Overheard at the Tate
Four paintings of a clown
Here’s Pierrot and some dreamy-eyed boaters –
they must be us, I’m sure you’ll agree –
pretending to let something escape:
metaphor-stuff trickling through their fingers
dangled over the side of a world they think
will float in sepia tints forever, I reckon.
Look at Pierrot staring, haunting the bottom-right;
this moon-mad clown was happy once to drift,
trusting in still-water centuries and frolics
that soothed his silly visions of hell, while
his flour-white mask concealed his horror
of the cracks he saw in the future’s crust.
Now Pierrot’s peeping into a house,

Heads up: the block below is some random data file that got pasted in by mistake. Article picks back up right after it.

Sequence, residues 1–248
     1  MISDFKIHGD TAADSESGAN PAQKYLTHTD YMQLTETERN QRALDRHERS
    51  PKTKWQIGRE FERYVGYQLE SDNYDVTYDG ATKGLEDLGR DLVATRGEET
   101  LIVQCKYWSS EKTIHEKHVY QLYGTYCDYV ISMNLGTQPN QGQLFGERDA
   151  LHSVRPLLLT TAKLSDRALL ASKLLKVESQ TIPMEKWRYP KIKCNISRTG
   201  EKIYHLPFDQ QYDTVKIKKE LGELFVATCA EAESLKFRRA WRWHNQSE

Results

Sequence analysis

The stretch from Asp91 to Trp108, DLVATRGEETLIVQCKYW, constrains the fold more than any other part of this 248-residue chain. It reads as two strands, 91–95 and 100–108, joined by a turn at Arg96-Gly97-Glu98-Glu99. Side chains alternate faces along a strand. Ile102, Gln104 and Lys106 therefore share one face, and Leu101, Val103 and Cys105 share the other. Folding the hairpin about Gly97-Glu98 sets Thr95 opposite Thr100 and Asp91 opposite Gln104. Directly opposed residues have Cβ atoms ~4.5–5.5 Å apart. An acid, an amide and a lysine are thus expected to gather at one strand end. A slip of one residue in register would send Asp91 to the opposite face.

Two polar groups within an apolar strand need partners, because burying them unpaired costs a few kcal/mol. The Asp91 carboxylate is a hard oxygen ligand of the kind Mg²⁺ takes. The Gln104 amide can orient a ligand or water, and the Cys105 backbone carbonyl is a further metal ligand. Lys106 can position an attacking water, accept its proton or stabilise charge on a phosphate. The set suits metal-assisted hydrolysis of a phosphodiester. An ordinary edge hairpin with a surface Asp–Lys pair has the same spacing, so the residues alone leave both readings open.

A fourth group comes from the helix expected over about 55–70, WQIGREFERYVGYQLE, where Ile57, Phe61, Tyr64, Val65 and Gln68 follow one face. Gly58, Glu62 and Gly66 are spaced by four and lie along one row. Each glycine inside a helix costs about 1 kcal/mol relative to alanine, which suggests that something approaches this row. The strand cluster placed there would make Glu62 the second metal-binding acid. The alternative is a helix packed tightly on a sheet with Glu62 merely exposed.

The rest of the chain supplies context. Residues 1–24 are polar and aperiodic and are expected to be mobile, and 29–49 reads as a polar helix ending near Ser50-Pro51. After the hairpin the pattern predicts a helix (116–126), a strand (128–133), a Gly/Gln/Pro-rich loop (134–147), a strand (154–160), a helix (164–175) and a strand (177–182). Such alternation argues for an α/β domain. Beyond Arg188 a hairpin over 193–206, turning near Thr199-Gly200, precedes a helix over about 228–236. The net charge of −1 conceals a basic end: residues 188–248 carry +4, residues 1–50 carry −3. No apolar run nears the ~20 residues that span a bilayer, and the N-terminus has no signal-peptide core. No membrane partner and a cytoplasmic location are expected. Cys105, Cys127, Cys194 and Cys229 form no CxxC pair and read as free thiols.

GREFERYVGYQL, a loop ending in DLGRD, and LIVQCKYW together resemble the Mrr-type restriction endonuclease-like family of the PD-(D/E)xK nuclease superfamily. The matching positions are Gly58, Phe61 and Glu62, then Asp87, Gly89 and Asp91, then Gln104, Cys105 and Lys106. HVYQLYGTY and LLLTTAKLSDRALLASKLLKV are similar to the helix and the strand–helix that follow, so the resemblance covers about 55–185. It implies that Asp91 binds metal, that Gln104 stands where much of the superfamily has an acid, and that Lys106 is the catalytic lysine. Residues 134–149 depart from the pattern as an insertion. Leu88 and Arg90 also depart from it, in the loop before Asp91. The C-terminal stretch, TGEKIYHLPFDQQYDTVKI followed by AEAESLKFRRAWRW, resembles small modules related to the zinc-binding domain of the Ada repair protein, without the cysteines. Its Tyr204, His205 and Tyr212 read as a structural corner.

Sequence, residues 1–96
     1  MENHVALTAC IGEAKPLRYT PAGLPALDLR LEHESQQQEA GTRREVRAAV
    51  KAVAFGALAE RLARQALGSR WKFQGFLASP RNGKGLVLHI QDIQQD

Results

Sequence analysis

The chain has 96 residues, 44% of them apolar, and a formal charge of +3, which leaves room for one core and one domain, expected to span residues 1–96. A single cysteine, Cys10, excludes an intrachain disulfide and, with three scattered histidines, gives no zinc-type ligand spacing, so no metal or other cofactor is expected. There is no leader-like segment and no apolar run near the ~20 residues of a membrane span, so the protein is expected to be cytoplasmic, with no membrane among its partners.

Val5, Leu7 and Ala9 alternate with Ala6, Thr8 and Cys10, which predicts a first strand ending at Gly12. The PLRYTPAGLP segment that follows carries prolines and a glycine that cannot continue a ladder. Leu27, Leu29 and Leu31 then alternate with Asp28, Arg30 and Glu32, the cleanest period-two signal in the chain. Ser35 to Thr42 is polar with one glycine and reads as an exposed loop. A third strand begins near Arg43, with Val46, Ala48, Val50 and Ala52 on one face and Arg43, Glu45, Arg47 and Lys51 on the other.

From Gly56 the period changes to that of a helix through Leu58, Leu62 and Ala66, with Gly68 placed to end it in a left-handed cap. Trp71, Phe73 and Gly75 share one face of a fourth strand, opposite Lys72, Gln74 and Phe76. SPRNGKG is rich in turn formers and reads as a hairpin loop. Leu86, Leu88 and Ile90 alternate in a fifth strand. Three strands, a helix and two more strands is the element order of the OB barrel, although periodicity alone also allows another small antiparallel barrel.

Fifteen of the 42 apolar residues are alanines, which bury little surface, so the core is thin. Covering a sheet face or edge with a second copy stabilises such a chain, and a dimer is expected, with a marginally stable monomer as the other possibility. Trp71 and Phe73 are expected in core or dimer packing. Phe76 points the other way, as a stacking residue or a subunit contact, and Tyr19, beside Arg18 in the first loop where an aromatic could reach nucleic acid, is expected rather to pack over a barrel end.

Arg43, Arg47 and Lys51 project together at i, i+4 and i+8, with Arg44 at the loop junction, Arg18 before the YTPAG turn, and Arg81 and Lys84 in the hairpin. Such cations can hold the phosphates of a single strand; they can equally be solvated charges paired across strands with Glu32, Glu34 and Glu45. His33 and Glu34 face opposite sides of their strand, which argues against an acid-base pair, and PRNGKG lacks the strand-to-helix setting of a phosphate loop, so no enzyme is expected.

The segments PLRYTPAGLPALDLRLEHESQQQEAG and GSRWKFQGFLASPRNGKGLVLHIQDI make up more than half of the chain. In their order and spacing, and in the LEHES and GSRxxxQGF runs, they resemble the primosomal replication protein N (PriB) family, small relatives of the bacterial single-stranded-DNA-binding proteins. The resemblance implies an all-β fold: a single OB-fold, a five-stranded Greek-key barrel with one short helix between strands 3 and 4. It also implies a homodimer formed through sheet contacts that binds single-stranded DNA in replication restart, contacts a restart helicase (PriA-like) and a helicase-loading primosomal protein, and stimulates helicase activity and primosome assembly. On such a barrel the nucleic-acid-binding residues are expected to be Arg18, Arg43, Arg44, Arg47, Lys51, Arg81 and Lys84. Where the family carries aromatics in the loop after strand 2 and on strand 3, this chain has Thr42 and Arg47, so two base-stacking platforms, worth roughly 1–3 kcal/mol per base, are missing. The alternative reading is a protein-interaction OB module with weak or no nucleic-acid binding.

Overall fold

seeing children sprawling with kitten-eyes;
televisions showing roaring rockets with leaping
astronauts confirming multitudes in their new religion –
wasted on this cat – what an obvious symbol –
pyramid-slow, building his bunker of sleep.
See over here, between the willows, so easy to miss:
Pierrot’s hit the rapids and tumbles in the gale;
his smock’s turned shroud; his pallid sleeves
are fooling in a flash – the apocalyptic gestures
of despair no-one heeds – and, of course,
the bloodless face, the pointed nose of a moribund.
Does it remind you of a poem by Verlaine? Sorry?
Oh, you’ve had enough? Let’s move on to the next room.